A Lifetime of Hunting and Fishing

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Published on: Sep. 2, 1999

Last revision: Nov. 3, 2010

For the rest of his life, 15-year-old Chris Crossland will be able to fish for trout or smallmouth bass and hunt quail, rabbits and squirrels anywhere in Missouri without ever having to stop and think, "Did I get a license this year?" Chris received a Lifetime Conservation Partner Permit from his grandmother, Wanda Warner, for his birthday two years ago.

Chris says he was surprised, but glad, to receive the lifetime permit. "My dad told me I was getting a plastic card that cost a lot. It was the last thing I expected," he says. But he's glad to have it. "Now that the cost of licenses went up to $19, I won't have to pay it."

When he got the present, he was already an experienced hunter and fisherman. During his first year of deer hunting at age 11, Chris shot a doe and a 4-point buck. Each year since then he's been successful, including taking an 8-point buck with a gun and a button buck with a bow. He also hunts waterfowl and turkey with his father, uncle and two cousins.

Chris also takes advantage of the fishing privileges his lifetime permit brings him. "When I'm not hunting," Chris says, "I'm doing homework or fishing." In the creeks and ponds near his father's house in Richland, he likes to catch bass and catfish.

When Chris and Joy Arthur want to hunt or fish, all they have to do is step outside their front door. On their 40-acre farm in Henry County, the Arthurs can catch catfish in their pond or hunt quail in the former soybean fields they converted to native grasses. Nearby, Truman Lake and the surrounding Army Corps of Engineers' land offers numerous hunting and fishing opportunities for the couple.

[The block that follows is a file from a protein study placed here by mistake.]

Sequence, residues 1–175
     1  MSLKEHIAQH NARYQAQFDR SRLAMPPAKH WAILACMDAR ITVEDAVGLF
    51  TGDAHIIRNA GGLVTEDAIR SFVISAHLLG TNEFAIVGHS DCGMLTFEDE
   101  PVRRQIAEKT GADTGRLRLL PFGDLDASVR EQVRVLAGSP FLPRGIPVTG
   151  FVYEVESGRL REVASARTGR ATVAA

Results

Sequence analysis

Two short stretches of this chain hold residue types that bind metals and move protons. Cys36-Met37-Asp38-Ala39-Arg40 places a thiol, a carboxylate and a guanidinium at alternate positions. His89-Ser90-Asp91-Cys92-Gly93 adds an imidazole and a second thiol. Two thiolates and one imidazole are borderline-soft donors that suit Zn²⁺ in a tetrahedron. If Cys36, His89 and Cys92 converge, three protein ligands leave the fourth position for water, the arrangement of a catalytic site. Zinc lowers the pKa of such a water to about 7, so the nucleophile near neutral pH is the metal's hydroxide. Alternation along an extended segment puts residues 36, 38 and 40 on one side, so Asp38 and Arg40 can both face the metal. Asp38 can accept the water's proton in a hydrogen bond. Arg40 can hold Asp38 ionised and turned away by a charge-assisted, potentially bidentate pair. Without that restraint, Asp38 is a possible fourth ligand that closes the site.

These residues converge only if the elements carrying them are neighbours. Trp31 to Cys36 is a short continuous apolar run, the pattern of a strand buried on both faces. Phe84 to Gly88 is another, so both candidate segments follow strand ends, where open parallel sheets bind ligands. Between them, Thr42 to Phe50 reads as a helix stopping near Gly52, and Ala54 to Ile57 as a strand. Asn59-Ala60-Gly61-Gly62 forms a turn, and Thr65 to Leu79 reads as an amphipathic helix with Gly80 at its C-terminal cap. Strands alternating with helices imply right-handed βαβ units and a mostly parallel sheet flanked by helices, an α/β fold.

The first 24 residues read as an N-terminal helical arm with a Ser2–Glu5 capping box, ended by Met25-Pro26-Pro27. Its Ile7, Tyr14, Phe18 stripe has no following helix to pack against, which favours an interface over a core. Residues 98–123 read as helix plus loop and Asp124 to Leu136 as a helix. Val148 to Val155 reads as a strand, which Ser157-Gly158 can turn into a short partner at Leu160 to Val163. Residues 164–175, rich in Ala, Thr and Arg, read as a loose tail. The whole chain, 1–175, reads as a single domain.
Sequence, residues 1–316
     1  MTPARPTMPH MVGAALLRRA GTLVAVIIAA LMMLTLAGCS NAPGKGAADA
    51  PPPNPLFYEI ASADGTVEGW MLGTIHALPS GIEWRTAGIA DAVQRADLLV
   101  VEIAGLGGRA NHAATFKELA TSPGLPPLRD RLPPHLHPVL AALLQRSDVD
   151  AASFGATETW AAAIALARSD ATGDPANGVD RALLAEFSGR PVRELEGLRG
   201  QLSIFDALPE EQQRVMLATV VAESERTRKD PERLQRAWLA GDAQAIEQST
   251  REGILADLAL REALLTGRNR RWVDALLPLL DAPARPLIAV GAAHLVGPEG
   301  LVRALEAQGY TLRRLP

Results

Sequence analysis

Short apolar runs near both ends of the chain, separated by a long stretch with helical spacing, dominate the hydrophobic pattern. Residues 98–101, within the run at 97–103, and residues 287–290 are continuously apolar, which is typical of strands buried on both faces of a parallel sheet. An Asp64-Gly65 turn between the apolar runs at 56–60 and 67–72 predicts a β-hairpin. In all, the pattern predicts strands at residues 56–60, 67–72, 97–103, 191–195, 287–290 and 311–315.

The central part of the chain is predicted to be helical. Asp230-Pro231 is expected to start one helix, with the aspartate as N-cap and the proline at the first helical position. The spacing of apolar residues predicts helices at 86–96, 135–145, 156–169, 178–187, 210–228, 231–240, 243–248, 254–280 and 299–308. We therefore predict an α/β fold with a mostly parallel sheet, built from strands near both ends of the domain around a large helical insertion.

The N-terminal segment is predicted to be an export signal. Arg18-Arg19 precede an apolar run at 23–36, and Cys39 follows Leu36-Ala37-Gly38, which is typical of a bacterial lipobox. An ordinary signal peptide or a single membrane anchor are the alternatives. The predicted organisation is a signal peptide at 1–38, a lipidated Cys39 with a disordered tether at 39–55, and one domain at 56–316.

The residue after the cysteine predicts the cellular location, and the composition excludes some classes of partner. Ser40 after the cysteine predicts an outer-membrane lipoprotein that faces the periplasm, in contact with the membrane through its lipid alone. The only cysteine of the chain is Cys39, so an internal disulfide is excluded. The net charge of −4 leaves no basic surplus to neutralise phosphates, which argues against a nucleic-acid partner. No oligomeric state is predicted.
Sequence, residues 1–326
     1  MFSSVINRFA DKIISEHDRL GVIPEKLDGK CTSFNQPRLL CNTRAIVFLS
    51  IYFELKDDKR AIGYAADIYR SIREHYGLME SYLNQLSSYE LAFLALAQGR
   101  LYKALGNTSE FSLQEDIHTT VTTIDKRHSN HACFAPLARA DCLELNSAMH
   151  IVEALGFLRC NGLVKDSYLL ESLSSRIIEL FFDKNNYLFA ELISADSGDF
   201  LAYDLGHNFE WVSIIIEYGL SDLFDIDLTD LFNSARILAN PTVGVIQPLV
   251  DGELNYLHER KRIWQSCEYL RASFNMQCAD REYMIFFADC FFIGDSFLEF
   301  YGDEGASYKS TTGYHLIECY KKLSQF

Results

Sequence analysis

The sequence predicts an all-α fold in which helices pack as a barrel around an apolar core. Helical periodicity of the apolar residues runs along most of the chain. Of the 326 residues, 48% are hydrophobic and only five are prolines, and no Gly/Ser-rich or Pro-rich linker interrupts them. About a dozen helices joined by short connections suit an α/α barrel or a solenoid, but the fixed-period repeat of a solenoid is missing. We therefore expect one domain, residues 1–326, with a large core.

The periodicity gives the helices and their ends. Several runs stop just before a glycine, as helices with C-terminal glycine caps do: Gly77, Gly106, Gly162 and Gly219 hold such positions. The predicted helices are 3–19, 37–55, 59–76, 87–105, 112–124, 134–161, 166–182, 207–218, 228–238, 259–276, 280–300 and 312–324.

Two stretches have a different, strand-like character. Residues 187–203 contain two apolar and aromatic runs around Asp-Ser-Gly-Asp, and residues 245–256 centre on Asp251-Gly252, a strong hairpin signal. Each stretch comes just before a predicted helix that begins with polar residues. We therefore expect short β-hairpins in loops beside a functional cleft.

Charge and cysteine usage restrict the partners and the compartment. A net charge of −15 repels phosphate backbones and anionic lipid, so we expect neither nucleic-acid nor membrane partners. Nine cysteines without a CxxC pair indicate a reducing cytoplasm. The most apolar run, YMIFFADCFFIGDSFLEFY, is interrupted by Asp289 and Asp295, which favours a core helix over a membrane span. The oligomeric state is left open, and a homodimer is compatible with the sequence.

Because they believe in supporting wildlife management, the Arthurs purchased Resident Lifetime Conservation Partner Permits. Now they can hunt small game and fish during any legal season for the rest of their lives. The permit also allows them to take migratory birds, waterfowl and trout. Deer and turkey permits, as well as federal waterfowl stamps, must still be purchased if desired.

"I would like to see more people buy these lifetime permits," Chris says. "It gives the Conservation Department more money to manage wildlife now." Chris and Joy proudly display on their mantel special Conservation Department certificates recognizing their support of Missouri's conservation programs.

Economics played a role in Eunice Bain's decision to purchase

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